6 Recycling Practices You May Be Getting Wrong and How to Fix Them

Making a few small changes can make your recycling game even stronger.

You’re on your recycling game. Paper, plastic, glass, cardboard— you take the time to follow your municipality’s guidelines, because you know putting in a little extra effort at home makes the dirty work at the recycling facility as painless as possible. You even go the extra mile to clean sunbutter out of a jar before tossing it into the recycling, right? There are a few faux-pas’ some good-hearted citizens miss when recycling. And for good reason: they can be a pain! (Have you tried soaking a sticker off a glass jar?) With the help of our Operations & Sustainability Lead, Nicol Sobczyk, we’re here to help you fix five common recycling practices people often get wrong.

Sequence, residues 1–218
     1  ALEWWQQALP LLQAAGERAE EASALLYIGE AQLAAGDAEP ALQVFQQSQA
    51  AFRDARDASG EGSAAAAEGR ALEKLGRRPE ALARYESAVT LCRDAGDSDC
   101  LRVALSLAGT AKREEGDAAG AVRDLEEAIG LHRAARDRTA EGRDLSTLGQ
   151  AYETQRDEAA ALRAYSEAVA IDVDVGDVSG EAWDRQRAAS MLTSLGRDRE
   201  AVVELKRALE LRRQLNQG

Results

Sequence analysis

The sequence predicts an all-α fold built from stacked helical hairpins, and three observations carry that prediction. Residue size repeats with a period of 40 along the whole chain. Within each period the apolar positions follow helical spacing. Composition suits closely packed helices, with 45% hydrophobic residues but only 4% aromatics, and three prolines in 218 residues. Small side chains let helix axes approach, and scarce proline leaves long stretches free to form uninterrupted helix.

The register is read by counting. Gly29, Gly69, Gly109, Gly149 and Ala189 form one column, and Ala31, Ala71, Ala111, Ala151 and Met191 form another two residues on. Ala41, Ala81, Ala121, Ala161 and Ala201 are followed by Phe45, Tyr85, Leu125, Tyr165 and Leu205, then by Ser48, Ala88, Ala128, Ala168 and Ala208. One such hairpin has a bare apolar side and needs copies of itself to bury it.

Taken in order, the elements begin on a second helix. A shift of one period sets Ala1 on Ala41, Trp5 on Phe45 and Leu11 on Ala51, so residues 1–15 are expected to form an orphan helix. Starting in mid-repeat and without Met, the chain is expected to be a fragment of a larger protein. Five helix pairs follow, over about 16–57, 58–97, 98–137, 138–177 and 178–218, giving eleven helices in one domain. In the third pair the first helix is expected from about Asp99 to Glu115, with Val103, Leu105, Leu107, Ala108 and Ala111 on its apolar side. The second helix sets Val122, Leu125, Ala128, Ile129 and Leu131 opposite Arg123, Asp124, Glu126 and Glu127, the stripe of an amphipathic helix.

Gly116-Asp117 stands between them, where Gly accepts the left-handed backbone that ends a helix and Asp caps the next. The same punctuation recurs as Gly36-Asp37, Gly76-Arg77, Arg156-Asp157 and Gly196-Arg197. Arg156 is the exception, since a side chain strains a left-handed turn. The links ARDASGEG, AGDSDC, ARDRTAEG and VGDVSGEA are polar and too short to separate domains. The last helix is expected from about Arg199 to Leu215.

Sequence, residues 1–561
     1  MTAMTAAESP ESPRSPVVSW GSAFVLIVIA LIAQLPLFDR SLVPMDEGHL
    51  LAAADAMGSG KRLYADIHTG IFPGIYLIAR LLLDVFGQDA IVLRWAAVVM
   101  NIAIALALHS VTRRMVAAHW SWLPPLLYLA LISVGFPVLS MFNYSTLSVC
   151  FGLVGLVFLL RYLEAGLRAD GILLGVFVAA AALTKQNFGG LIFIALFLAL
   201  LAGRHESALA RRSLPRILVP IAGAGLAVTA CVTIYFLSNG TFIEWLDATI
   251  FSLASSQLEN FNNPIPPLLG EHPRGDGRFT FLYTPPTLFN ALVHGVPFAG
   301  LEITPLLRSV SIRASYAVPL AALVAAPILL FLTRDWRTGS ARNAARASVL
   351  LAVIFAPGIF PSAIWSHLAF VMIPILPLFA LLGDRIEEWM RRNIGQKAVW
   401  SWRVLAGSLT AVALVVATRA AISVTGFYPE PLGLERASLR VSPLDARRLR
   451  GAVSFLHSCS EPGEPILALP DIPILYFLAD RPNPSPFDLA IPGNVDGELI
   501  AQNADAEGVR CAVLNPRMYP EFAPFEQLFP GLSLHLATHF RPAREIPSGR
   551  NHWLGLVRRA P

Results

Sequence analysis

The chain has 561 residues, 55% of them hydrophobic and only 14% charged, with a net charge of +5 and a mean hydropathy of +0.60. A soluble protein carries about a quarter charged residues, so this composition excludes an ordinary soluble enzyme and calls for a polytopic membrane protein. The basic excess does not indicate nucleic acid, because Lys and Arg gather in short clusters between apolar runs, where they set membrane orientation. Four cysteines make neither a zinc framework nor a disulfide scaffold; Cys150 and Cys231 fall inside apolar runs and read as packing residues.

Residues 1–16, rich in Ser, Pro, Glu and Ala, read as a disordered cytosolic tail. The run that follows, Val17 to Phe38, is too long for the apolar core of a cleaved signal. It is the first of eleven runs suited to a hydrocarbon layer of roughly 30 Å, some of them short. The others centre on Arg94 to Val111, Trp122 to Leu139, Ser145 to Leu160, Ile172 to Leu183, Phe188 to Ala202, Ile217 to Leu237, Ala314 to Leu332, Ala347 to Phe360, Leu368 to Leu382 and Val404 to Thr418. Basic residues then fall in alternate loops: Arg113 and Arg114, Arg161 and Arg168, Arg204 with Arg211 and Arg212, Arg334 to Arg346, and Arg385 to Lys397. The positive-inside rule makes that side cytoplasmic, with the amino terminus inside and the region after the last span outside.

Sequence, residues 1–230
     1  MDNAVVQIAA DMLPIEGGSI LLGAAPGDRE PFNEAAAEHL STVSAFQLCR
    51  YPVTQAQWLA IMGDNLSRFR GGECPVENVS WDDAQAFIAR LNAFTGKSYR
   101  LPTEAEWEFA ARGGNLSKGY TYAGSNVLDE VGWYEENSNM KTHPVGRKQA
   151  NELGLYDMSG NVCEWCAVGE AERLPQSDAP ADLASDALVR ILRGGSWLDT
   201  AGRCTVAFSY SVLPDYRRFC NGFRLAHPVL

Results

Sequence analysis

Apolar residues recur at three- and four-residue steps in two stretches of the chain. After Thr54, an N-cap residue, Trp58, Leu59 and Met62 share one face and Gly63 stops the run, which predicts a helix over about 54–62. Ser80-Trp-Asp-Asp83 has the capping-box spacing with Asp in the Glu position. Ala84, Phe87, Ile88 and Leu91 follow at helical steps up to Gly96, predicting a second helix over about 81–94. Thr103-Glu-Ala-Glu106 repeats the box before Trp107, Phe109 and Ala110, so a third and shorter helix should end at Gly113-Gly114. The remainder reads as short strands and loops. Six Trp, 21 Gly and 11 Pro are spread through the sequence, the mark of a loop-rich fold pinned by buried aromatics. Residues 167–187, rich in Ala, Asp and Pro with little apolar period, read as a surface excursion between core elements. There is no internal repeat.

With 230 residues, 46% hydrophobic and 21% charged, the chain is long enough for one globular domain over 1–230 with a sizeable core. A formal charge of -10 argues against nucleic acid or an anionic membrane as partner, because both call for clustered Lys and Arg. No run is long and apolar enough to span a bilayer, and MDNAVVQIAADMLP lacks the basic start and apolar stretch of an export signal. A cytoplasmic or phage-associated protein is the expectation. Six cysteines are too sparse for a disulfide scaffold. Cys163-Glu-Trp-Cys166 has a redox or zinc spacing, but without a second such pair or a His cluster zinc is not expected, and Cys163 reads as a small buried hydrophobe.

1. Pizza Boxes

All cardboard gets recycled…Duh, right? (Read about the age-old paper or plastic debate here.)

Oily and cheesy pizza boxes actually don’t belong in that stack. So next time you Netflix-and-pizza on a Saturday night, remember to break down the box and throw it in the trash. While we’re on the topic of recycling cardboard, also make sure tape and labels are removed. For example, once you’re done with one of our Ecologic paper bottles, crack open the shell and remove the front and back labels before recycling. Those belong in the trash next to your pizza box.

Takeaway: Oily cardboard, packing tape, and labels should be thrown in the trash.

2. Numberless plastic